3.     MINUSMA Mandate Extended
State-owned media

L’Essor, “MINUSMA: Mandat prorogé jusqu’au 30 juin 2016”, June 30th, 2015

  • The UN Security Council unanimously adopted a resolution on June 29th that would extend MINUSMA’s mandate in Mali by a year, until June 30th 2016.
  • This resolution authorizes MINUSMA to use all means necessary to accomplish its mandate, within the limits of its capabilities and the zones of its deployment.
  • MINUSMA’s updated mandate will be to support, monitor and supervise the application of the arrangements related to the ceasefire, by the government and the different rebel armed forces. It will also report on any possible violations of the ceasefire.
  • MINUSMA will also have the mission of conceiving different mechanisms on a local level that will help consolidate the peace agreement, as well as help support the implementation of political and institutional reforms in the realms of defense and security.
  • MINUSMA was also asked by the UNSC to involve itself in the protection of civilians, as well as in the promotion and defense of human rights, humanitarian assistance and the protection of cultural heritage sights.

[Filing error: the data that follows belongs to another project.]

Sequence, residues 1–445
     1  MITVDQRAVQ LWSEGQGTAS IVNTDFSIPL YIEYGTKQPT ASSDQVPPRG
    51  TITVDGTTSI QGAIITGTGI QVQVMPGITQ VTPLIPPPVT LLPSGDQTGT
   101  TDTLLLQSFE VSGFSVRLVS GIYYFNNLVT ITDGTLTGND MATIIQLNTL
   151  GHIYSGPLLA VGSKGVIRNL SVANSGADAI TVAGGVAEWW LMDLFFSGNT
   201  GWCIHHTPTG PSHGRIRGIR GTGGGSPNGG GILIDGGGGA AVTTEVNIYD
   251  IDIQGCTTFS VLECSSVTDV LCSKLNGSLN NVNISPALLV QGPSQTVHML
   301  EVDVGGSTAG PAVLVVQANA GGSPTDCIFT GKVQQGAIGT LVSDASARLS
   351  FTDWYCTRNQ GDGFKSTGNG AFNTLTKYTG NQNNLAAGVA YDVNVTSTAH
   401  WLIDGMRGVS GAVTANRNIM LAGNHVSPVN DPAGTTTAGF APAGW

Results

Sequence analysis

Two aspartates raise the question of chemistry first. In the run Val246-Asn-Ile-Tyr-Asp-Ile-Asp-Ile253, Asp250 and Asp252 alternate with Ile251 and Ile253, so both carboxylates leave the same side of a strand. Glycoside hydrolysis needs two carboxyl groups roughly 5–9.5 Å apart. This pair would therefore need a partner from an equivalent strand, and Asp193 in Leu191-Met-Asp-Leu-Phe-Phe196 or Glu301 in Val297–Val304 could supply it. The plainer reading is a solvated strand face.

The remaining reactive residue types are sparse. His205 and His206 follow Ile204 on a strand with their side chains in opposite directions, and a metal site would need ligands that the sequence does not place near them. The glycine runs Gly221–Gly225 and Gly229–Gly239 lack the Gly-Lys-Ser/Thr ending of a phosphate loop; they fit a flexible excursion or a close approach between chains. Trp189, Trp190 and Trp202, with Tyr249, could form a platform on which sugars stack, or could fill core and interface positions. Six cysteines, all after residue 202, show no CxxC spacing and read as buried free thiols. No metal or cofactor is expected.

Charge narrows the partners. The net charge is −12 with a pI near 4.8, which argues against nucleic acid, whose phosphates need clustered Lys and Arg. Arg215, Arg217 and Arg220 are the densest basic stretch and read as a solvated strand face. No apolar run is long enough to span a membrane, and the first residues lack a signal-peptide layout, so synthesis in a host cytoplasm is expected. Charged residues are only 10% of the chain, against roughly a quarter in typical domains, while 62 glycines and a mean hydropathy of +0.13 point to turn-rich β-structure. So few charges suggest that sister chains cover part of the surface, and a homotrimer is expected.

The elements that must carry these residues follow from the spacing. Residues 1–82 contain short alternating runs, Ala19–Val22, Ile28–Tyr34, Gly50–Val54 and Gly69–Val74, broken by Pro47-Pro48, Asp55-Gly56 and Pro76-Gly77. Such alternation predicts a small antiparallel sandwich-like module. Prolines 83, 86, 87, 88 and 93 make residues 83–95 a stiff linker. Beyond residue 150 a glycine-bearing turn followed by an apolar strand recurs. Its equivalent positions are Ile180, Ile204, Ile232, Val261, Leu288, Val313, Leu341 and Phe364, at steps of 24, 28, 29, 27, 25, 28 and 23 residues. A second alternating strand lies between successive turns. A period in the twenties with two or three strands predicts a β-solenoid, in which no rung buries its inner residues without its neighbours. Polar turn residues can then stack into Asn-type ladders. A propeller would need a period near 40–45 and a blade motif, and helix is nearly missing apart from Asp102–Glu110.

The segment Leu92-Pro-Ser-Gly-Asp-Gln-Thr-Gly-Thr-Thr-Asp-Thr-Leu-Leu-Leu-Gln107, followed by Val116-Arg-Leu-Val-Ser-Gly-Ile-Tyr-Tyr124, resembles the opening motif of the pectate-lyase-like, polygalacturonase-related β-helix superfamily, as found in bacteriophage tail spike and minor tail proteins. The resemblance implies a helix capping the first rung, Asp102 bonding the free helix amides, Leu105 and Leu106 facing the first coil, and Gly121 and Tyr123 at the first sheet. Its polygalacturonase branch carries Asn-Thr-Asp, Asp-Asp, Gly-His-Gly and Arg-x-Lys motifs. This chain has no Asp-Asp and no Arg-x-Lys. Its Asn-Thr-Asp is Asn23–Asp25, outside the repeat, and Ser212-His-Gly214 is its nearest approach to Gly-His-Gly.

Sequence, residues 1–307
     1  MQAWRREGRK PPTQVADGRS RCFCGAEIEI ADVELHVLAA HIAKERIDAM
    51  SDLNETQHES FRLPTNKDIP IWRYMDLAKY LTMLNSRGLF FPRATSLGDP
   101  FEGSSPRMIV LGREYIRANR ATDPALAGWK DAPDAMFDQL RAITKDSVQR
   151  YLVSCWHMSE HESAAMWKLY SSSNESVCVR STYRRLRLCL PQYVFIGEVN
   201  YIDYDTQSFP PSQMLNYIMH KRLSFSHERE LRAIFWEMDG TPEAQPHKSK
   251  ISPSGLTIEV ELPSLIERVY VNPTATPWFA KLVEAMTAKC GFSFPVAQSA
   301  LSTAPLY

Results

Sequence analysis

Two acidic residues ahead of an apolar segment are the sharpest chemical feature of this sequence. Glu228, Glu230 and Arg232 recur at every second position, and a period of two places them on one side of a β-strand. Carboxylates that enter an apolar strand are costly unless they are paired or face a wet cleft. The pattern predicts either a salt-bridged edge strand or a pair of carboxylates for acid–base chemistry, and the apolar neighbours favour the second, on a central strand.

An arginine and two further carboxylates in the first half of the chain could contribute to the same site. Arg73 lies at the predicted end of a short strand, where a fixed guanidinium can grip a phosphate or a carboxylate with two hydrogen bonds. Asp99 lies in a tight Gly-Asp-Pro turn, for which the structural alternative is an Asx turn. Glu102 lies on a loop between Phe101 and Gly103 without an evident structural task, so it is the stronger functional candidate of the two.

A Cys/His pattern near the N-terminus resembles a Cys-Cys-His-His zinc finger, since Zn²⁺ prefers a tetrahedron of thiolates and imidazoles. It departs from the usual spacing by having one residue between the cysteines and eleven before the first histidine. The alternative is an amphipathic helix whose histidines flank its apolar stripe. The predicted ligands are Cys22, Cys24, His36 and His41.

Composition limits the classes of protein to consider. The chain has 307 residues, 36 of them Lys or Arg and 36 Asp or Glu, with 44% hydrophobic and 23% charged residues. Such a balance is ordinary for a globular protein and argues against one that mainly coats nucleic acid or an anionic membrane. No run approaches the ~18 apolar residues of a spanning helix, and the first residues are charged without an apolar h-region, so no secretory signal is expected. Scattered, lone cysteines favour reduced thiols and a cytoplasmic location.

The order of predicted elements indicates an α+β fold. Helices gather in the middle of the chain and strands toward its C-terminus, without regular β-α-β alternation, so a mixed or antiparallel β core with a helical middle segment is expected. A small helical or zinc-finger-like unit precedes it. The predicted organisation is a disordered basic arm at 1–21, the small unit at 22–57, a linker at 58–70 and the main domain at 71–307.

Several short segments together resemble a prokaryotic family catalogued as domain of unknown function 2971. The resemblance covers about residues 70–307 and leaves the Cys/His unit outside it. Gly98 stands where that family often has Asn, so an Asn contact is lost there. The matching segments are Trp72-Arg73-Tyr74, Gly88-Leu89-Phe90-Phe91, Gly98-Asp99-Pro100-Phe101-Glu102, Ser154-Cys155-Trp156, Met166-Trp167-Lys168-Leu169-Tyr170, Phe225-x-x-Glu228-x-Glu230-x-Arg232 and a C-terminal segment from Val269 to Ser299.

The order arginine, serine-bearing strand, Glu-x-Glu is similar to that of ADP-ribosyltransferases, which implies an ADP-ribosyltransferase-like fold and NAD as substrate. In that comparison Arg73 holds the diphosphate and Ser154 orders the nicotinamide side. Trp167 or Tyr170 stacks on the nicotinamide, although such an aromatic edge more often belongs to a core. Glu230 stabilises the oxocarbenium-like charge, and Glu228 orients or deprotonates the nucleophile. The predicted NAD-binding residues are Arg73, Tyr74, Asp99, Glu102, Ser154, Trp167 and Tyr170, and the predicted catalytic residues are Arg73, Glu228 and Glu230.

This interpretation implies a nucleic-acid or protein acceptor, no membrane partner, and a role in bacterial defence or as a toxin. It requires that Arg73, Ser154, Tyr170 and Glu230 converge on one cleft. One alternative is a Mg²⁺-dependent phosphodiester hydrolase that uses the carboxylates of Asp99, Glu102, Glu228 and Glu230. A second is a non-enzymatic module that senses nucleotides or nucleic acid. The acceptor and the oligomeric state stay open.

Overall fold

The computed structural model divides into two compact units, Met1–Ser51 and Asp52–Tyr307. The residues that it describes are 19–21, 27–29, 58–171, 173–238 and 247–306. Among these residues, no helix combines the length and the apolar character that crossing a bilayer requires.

• The UNSC demanded that all armed groups present in Mali put down their arms, put an end to hostilities, renounce violence, break all ties with terrorist groups, and recognize the unity and territorial integrity of the Malian state.
  • The UN also authorized the French army to use all means necessary, within the limits of its capabilities, to intervene in the event of any grave danger or threat to MINUSMA. France was also asked to report to the UNSC on its application of this mandate.


Privately owned media

Le Republicain, “Arnaud Akodéjnou de la MINUSMA: Notre mandat ne nous permet pas de lutter contre les groupes djihadistes et terroristes”, July 1st, 2015

  • On June 30th, Arnaud Akodjenu, MINUSMA’s special representative for political affairs, met the Malian government and reminded them and the public that the mission’s new mandate does not allow them to fight against jihadi or terrorist groups. In his words, MINUSMA is a political tool, not a tool for war.
  • A majority of Malians have not yet understood that MINUSMA’s role is not to fight rebels, but rather to help the country stabilize and assist in the reconciliation process.
  • Like all UN peacekeeping forces, MINUSMA’s mandate does not authorize the use of force (except in cases of imminent grave danger), and it does not allow for joint operations with the Malian armed forces.
  • Akodjenu reminded the public that the role of fighting off terrorist groups has been confided by the UNSC to the Barkhane force, the group of armed forces which includes members of the Malian and French armies.